|Date||18 February 1983|
|Deportation, mass murder|
The Nellie massacre took place in central Assam during a six-hour period in the morning of 18 February 1983. Although the involvement of members of mainstream Assamese communities and lower castes in carrying out the massacre is commonly evoked, the identities of the rioters are debated by scholars. The massacre claimed the lives of 2,191 people (unofficial figures run at more than 10,000) from 14 villages—Alisingha, Khulapathar, Basundhari, Bugduba Beel, Bugduba Habi, Borjola, Butuni, Indurmari, Mati Parbat, Muladhari, Mati Parbat no. 8, Silbheta, Borburi and Nellie—of Nagaon district. The victims were East Bengal rooted Muslims whose ancestors had relocated in pre-partition British India. Three media personnel — Hemendra Narayan of Indian Express, Bedabrata Lahkar of Assam Tribune and Sharma of ABC — were witnesses to the massacre. The victims were descendants of Muslims who came to Assam on the direct patronage of the then Assam Government of British India in the first decade of the 20th century.
The violence that took place in Nellie was seen as a fallout of the decision to hold the controversial state elections in 1983 in the midst of the Assam Agitation, after Indira Gandhi's decision to give 4 million immigrants from Bangladesh the right to vote. It has been described as one of the worst pogroms since World War II.
In 1978 the member of the Lok Sabha, Hiralal Patwari, died necessitating a by-election in the Mangaldoi Lok Sabha Constituency. During the process of the election it was noticed that the electorate had grown phenomenally (allegedly due to illegal immigration). The All Assam Students Union (AASU) demanded that the elections be postponed till the names of "foreign nationals" were deleted from the electoral rolls. The AASU subsequently launched an agitation to compel the government to identify and expel immigrants.
The ethnic clash that took place in Nellie was seen as a fallout of the decision to hold the controversial Assembly elections in 1983 (boycotted by the AASU) despite stiff opposition from several elements in the state. Police officials had suggested to hold the polls in phases in order to avoid violence. According to then Assam Inspector General of Police, KPS Gill, there were 63 constituencies, where elections could have been held without any trouble. Among the rest, the Assam police had declared there were 23 constituencies where it was "impossible to hold any election." Nellie was cited as one of the "troubled" spots before the elections.
The official Tiwari Commission report on the Nellie massacre is still a closely guarded secret (only three copies exist). The 600-page report was submitted to the Assam Government in 1984 and the Congress Government (headed by Hiteswar Saikia) decided not to make it public, and subsequent Governments followed suit. Assam United Democratic Front and others are making legal efforts to make Tiwari Commission report public, so that reasonable justice is delivered to victims, at least after 25 years after the incident.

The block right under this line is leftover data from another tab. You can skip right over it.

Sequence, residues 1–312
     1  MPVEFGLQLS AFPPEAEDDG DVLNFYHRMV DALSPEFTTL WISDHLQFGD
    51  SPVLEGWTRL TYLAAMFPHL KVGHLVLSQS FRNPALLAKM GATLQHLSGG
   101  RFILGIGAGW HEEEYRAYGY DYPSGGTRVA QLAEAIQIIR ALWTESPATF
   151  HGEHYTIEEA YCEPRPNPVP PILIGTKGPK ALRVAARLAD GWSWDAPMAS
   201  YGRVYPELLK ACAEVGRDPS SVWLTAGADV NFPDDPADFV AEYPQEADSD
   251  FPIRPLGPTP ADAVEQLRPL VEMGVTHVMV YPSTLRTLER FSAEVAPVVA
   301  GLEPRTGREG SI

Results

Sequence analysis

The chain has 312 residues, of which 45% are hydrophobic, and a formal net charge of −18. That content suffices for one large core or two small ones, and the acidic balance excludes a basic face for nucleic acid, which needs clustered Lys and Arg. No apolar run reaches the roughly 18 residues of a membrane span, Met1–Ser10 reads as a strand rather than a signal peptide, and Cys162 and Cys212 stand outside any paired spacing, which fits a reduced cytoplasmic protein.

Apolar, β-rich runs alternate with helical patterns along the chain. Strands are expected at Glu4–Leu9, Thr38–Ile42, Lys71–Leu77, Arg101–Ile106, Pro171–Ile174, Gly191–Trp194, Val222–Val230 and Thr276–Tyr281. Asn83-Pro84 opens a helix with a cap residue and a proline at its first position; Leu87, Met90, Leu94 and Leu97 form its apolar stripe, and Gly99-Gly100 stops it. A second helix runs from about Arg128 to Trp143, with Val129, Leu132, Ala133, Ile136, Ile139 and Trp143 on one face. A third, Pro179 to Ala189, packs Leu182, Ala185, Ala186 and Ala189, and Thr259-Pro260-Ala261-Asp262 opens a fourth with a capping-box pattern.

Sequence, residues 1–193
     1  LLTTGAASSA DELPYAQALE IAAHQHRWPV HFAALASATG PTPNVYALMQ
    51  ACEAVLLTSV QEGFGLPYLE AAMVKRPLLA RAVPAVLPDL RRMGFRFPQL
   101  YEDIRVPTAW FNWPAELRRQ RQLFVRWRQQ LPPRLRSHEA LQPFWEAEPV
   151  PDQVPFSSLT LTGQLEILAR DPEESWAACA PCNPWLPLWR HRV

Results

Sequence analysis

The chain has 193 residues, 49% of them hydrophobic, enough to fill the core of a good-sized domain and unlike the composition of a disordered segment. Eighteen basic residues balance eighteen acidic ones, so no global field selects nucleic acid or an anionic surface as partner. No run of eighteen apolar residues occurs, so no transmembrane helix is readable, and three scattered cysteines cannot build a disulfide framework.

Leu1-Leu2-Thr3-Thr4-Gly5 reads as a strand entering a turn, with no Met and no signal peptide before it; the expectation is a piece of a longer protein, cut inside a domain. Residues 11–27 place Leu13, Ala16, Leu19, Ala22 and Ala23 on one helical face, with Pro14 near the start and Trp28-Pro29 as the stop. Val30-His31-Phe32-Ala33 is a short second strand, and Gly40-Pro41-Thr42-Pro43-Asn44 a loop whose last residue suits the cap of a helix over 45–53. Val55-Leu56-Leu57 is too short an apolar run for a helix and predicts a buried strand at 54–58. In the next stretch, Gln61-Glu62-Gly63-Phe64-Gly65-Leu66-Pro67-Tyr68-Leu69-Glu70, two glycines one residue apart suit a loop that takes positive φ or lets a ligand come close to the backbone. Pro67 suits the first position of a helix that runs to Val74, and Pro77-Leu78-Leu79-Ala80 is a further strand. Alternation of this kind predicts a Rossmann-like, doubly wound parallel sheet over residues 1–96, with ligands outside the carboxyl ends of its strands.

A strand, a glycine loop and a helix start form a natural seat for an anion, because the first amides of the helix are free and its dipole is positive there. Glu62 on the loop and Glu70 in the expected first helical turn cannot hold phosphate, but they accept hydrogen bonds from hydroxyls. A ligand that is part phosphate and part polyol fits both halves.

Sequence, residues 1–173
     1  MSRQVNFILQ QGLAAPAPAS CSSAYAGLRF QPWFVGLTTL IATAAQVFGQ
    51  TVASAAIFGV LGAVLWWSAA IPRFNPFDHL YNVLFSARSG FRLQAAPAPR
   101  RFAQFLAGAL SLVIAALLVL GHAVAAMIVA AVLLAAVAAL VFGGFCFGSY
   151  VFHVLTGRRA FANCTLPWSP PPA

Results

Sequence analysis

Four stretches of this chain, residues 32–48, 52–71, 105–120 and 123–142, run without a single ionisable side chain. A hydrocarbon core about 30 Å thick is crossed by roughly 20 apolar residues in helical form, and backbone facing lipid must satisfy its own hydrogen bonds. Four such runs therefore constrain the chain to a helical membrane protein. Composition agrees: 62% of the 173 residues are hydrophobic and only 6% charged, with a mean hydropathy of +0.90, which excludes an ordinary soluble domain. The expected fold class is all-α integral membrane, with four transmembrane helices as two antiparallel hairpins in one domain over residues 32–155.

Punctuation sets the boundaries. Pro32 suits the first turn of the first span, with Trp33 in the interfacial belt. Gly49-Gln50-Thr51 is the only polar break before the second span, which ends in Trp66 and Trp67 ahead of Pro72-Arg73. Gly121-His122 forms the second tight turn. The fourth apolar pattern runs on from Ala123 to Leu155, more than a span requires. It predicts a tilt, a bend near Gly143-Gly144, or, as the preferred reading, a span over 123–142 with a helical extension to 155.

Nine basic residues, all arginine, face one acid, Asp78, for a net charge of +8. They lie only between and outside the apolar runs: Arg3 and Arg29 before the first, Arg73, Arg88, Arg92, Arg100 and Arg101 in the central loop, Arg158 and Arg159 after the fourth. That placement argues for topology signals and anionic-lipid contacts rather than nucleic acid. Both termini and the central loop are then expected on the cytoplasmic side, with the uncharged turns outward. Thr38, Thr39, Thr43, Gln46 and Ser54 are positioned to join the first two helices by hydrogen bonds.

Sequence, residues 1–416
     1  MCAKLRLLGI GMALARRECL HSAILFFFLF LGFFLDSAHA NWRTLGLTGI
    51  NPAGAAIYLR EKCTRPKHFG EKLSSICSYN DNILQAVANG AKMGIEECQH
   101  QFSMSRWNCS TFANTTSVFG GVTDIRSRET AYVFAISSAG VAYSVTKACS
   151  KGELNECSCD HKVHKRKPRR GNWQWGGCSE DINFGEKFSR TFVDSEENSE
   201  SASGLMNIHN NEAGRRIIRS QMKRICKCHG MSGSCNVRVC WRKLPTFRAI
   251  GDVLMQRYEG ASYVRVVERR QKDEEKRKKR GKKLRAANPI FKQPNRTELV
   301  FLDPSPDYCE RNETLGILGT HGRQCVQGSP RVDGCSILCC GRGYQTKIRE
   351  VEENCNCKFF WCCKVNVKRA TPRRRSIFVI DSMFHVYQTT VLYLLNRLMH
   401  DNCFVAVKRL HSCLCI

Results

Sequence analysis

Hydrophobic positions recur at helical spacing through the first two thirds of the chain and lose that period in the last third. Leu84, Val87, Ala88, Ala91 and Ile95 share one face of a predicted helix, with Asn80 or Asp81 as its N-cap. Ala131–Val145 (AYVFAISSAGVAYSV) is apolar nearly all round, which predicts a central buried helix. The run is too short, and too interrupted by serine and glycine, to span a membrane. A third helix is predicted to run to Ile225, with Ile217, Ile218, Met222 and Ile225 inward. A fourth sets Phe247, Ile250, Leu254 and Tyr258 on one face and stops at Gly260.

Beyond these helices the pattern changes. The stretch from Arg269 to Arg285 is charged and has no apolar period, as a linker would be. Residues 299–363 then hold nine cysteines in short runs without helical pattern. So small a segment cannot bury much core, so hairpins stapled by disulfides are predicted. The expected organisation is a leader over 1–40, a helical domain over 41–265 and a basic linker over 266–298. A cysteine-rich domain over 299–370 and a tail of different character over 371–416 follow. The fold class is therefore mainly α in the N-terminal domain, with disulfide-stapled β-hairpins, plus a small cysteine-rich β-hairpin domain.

Police filed 688 criminal cases, of which 378 cases were closed due to "lack of evidence" and 310 cases were slated to be charged. However, all these cases were dropped by the Government of India as a part of the 1985 Assam Accord; and, as a result, not a single person received punishment.
- "...the majority of the participants were rural peasants belonging to mainstream communities, or from the lower strata of the caste system categorized as Scheduled Castes or Other Backward Classes." (Kimura 2013, p. 5)
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- Rehman, Teresa (2006-09-30), "Nellie Revisited: The Horror's Nagging Shadow", Tehelka, retrieved 2008-02-19
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- "The victims were peasants, ... migrants from East Bengal now independent Bangladesh." (Kimura 2013, p. 5)
- Main Uddin. "Genesis of nellie massacre and assam agitation". Retrieved 5 April 2016.
- Goel, Rekha. "25 years on...Nellie still haunts". The Statesman. Retrieved 2011-12-08.
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- News sources
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- Saksena, N.S. "Police and Politicians" in Alexander, P.J. (ed.) Policing India in the New Millennium. Allied Publishers, 2002.
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